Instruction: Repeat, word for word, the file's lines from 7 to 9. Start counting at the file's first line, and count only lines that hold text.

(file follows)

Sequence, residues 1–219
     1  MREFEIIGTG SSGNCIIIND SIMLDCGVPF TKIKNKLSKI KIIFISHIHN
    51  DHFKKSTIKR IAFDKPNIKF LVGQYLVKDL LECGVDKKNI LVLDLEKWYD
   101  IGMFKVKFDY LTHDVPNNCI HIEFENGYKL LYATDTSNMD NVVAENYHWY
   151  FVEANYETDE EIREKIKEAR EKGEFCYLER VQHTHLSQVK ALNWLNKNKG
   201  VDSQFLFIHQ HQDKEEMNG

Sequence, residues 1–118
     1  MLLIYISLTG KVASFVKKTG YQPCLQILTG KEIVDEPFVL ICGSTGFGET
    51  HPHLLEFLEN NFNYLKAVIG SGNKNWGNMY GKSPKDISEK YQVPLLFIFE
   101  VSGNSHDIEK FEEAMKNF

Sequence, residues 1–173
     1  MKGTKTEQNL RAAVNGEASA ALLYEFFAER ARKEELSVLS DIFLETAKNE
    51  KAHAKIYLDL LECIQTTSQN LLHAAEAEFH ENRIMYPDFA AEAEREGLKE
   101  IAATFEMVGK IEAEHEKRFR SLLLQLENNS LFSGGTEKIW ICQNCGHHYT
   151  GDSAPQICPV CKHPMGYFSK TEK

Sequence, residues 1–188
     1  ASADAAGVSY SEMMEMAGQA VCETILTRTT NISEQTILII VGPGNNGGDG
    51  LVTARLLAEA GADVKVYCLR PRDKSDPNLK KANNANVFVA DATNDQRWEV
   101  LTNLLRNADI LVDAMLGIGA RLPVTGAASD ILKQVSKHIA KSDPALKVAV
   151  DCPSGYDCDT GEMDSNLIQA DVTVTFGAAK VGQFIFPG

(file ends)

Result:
Sequence, residues 1–118
     1  MLLIYISLTG KVASFVKKTG YQPCLQILTG KEIVDEPFVL ICGSTGFGET
    51  HPHLLEFLEN NFNYLKAVIG SGNKNWGNMY GKSPKDISEK YQVPLLFIFE